Visualization and quantification of the effects of glutamate on t-PA activity in vessels from the pial migratory route. a Triple labeling visualizing t-PA, collagen IV, and microvessels in the pial migratory route. Note the presence of strong vascular t-PA immunoreactivity in both tangential and radial cortical vessels (arrows). b Quantification by gel zymography of the effects of aCSF (Ctrl), glutamate (100 µM), and the NMDA-antagonist MK801 (20 µM) alone or co-incubated on t-PA activity after 3-h treatment of P2 cortical slices. c Quantification by gel zymography of the effects of aCSF (Ctrl), glutamate (100 µM), and the t-PA inhibitor PAI-1 (5 µg/mL) alone or co-incubated on t-PA activity after 3-h treatment of P2 cortical slices. df Microphotographs acquired by in situ zymography and visualizing cortical microvessels (d) and the fluorescent signal resulting from the cleavage of the quenched casein-FITC substrate (e) in cultured P2 cortical slices. Overlay reveals a strong protease activity associated with the pial migratory route (arrowheads) and radial cortical microvessels (arrows, f). g Quantification by time-lapse videomicroscopy of the fluorescence intensity resulting in casein-FITC cleavage after incubation of P2 brain slices with aCSF (Ctrl), glutamate (100 µM), and MK801 (20 µM) alone or co-incubated. h Quantification by gel zymography of the effects of glutamate (100 µM) on MMP-9 activity in P2 cortical extracts from wild-type (WT) and t-PA−/− mice. i Quantification by in situ zymography of the effects of glutamate (100 µM) on the cleavage of the quenched casein-FITC substrate in WT and t-PA−/− mice at the level of the pial migratory route in P2 cortical slices. Statistical analysis revealed significant Time and Treatment interactions. ns not significant; **p < 0.01; ***p < 0.001; ****p < 0.0001 vs control and ####p < 0.0001 vs glutamate. The tests used for the statistical analysis, the number of independent experiments, the number of cells tracked per experiment, and p values are detailed in Table 1

Glutamate controls vascular-associated migration of GABA interneurons in the pial migratory route

Because t-PA and MMP-9 are involved in the remodeling of the extracellular matrix following ischemic stroke [38], and because the present study revealed NMDA-dependent effects of glutamate on the endothelial activity of these two proteases, we hypothesized that glutamate could regulate the vascular-associated migration of GABA interneurons along the pial migratory route. Gad67-GFP mice whose neurons are known to populate the superficial cortical layers (Supplementary Fig. 6; [25]) confirmed the preferential association with microvessels at P2 (Fig. 5a). To investigate the effects of glutamate on the migration of GABAergic cells along the PMR and radial vessels, we performed time-lapse acquisitions using a confocal laser scanning macroscope (Fig. 5b–g). Time-lapse acquisitions revealed several cells migrating in an outside-in direction in close interaction with microvessels (Fig. 5b–e; arrows; Supplementary video). Some cells close to microvessels covered up to 40 µm of distances during the first 6 h of recording (Fig. 5f). The addition of glutamate (50 µM) to the culture medium significantly increased the maximal speed of both tangential and radial migrating cells (p < 0.01; Fig. 5g). In contrast, incubation of the slices with MK801 (20 µM) reduced cell migration (p < 0.001; Fig. 5g). These data indicate that in neonates, glutamate stimulates the vascular-associated migration of GABA interneurons through a NMDA receptor-dependent mechanism.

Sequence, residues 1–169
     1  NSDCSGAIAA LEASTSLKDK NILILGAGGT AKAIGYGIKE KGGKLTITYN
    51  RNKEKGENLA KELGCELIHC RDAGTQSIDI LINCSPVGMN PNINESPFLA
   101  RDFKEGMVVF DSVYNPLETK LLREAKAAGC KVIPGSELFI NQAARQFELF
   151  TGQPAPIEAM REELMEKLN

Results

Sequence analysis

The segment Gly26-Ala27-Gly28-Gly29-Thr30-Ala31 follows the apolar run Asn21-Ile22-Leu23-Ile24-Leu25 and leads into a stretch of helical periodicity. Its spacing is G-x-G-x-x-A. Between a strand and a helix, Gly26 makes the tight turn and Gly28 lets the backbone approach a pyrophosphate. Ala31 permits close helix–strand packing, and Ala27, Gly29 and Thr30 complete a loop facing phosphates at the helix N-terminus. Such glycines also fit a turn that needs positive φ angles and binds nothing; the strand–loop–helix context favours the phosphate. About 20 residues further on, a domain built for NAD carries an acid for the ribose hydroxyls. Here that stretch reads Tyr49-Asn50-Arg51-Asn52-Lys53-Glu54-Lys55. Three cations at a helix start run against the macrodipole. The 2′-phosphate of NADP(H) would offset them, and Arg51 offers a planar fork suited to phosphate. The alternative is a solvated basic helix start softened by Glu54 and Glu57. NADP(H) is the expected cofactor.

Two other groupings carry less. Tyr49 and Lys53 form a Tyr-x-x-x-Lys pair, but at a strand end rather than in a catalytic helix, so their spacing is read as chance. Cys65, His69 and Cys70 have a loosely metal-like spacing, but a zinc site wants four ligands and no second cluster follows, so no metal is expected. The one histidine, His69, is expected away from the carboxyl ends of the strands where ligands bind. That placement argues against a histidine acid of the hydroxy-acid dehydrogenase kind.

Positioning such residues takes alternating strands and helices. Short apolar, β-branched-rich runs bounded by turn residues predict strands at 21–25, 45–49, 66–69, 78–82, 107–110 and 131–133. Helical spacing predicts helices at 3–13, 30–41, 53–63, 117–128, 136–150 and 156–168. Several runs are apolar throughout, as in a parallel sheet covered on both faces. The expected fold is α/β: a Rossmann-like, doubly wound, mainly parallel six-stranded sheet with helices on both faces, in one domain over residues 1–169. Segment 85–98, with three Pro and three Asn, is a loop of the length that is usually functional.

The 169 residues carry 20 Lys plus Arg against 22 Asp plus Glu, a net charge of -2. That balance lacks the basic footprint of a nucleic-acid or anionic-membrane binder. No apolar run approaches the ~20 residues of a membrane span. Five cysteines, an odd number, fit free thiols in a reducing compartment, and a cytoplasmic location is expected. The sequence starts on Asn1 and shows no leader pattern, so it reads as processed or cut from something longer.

Fig. 5

Effects of glutamate and MK801 on the vessel-associated migration of GABA interneurons. a 3D Imaris modeling of migrating interneurons along radial microvessels in Gad67-GFP mice at P2. GFP-positive neurons were visualized by immunohistochemistry and microvessels labeled with CD31 antibodies. bd Microphotographs acquired from the same cultured slice at different times of tracking (0 min, b; 60 min, c; and 150 min, d). Arrows indicate migrating cells along microvessels. Arrowheads indicate immobile large cells. e Stacked graph visualizing the position of several cells during 6-h video-tracking. f Quantification of the distance covered by the four cells identified in e. g Effects of glutamate (50 µM) and MK801 (20 µM) on the migration speed of cells moving tangentially and radially along microvessels. **p < 0.01 vs control and ###p < 0.001 vs glutamate. The tests used for the statistical analysis, the number of independent experiments, the number of measures per experiment, and p values are detailed in Table 1

t-PA invalidation and in vivo MMP inhibition impair the integration of GABA interneurons migrating via the pial migratory route